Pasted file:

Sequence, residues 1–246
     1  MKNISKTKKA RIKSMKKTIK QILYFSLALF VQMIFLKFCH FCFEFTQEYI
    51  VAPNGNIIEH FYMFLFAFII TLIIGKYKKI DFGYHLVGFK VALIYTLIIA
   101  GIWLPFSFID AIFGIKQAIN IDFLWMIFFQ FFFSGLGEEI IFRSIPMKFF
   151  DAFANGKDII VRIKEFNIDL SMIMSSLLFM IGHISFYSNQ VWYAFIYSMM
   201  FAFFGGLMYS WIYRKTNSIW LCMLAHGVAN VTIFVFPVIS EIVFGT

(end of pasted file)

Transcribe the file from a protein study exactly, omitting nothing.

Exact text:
Sequence, residues 1–246
     1  MKNISKTKKA RIKSMKKTIK QILYFSLALF VQMIFLKFCH FCFEFTQEYI
    51  VAPNGNIIEH FYMFLFAFII TLIIGKYKKI DFGYHLVGFK VALIYTLIIA
   101  GIWLPFSFID AIFGIKQAIN IDFLWMIFFQ FFFSGLGEEI IFRSIPMKFF
   151  DAFANGKDII VRIKEFNIDL SMIMSSLLFM IGHISFYSNQ VWYAFIYSMM
   201  FAFFGGLMYS WIYRKTNSIW LCMLAHGVAN VTIFVFPVIS EIVFGT